The only problem (well, not really a problem) with old cookbooks in the kitchen is that they are handled more often than books stashed away in archival boxes in a closet. I like to read and use my old cookbooks, but I also want to protect them from the usual "environmental hazards" like dust, etc. in the kitchen. I've been collecting old cookbooks for decades, and some were costly, so I want to protect my investment too.

    How to Store Old Cookbooks

    1. Look for cooking clues. The first thing I do when I bring home a new old cookbook is to examine the book for loose paper scraps and any items that may have been left between the pages. If they are damaging the page I remove the item or enclose it in rag paper and leave it where it was. I throw away any paper clips or metal.

    Cooks often use whatever is at hand to mark a recipe in a book, and I like to see what pages other people might have found interesting. I also look for food stains, comments, and corrections that might indicate the popularity (or not) of a recipe.

    2. Protect the cover. Next, I cover the book with an archival book cover. I first ordered an assortment of various sizes, 35 Brodart Just-A-Fold III Archival Book Covers - Sampler Pack , and have since purchased more covers in the sizes I use most often. I like the way the clear mylar covers keep the paper dust jackets clean and protect them from rips and tears. I also cover books that have lost their jackets to keep the cover clean.

    3. Add to my catalog. I like to know what books I have in my cookbook collection so I can fill in the gaps with new treasures. I've used everything from a spreadsheet to a simple book collection database to list titles and subjects, but I'm now working on moving my catalog to an App I can view on my iPad and iPhone. After years of general cookbook collecting, I'm finding it's even more fun to build up a special niche of old cookbooks.

    4. Find a place on the shelf. Books are best stored upright on a shelf with other books of about the same size. They should be supported by books (or bookends) on either side so they don't slump, slant, or lean and cause the binding to become stressed and bent. Avoid cramming so many books on the shelf that they are tight and difficult to remove. The spine of old books is often loose and weak, so it's best to pull out a single volume by pushing back the books on either side until you can grasp the book by both front and back covers and then remove it from the shelf.

    My kitchen bookshelves are located over a small built-in desk and away from direct sunlight, an important consideration for minimizing fading and light damage. Although I wouldn't store my collection in a smoking zone, I'm not so conscientious about cooking odors. I burn the occasional piece of toast or over-crisp the bacon, but I figure my kitchen exhaust fan takes care of the bulk of the fumes.

    I do have a few very special cookbooks that I keep on my living room shelves where they are better protected from light, odors, and handling. And, my small collection of Jell-O recipe pamphlets is housed in a suitably-sized archival box on the kitchen bookshelf. You never know when you might need a spectacular Jell-O recipe!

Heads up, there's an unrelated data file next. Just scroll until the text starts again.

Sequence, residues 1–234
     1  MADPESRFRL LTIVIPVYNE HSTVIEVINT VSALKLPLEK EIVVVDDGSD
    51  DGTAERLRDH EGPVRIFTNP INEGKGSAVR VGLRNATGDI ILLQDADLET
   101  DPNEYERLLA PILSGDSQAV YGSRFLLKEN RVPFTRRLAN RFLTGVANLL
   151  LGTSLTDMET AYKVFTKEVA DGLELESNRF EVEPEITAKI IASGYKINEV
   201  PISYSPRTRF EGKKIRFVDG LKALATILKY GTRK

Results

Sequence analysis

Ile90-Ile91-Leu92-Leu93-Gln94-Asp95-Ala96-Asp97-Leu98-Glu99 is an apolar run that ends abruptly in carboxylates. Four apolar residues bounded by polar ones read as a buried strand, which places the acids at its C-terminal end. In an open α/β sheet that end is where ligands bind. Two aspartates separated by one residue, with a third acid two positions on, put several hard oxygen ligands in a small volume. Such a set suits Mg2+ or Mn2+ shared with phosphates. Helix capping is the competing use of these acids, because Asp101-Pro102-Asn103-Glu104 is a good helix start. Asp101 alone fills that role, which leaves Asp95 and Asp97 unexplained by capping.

For more information on caring for old books see the Northeast Document Conservation Center:

    NEDCC Preservation Leaflet 7.2 Surface Cleaning of Paper (including book pages).

    NEDCC Preservation Leaflet 4.1 Storage Methods and Handling Practices (including books)


    Book Review: From the Family Kitchen Offers Food for Thought; Win a Free Copy



    Anyone tired of fruitless searches for female ancestors may want to consider looking for the books women read, and often wrote -- community cookbooks.

    Gena Philibert Ortega is a genealogist with a cause. She wants to help researchers find women's stories. Her new book, From the Family Kitchen: Discover Your Food Heritage and Preserve Favorite Recipes, is more than a heritage cookbook or food history. From the Family Kitchen offers something for anyone who enjoys food and family history.

    This attractive hardbound book presents readers with a basic introduction to American food and cooking traditions followed by ideas for finding your ancestor's recipes and how to decipher and use historical recipes. The book also includes a section for you to include your own heritage recipes with a ribbon bookmark to note your favorites.

    Gena's interest in women's history began with stories about her great grandmother's polygamous marriage. She wanted to learn more about women's experiences, "the history we don't hear about," she notes.

    As Gena notes, "women's history is so much different than the history we hear about in school" and women don't appear in recorded works to the extent that men are remembered.

    Genealogists are taught to use government sources, we don't use sources specific to women because many aren't indexed or easily found. I started asking, 'If you were a historian, what resources would you use to recreate women's lives?'

    Gena found the answer in signature quilts, journals, diaries, and community cookbooks, all places where women more comfortably could leave their mark. She sees community cookbooks as a rich resource that is largely ignored by researchers.

    They not only show ethnic roots, histories, and advertising, they are the voice of women. In an age when women didn't publish as much as men, community cookbooks offer so much information about women's lives. They tell what real people ate.

    I only wish From the Family Kitchen had been around a few years ago. One of the highlights of my teaching years was the opportunity to design and teach a course on women's literature. Besides the usual fiction by Mary Shelley, Jane Austen, and Charlotte Perkins Gilman, the course included a unit on women's personal writing -- diaries, journals, letters, and community cookbooks. The section on cookbooks was a huge hit the high school students at the all-girls school where I taught, and From the Family Kitchen would have been a helpful text to include as a resource.

    The girls "read" a community cookbook to develop a portrait of the women, the organization, and the community and the information they gleaned showed the books to be a rich source of information. As Gena says, "Community cookbooks are social history at its best."

    From the Family Kitchen: Discover Your Food Heritage and Preserve Favorite Recipes,
    by Gena Philibert Ortega, (Family Tree Books, 2012) 203 pages.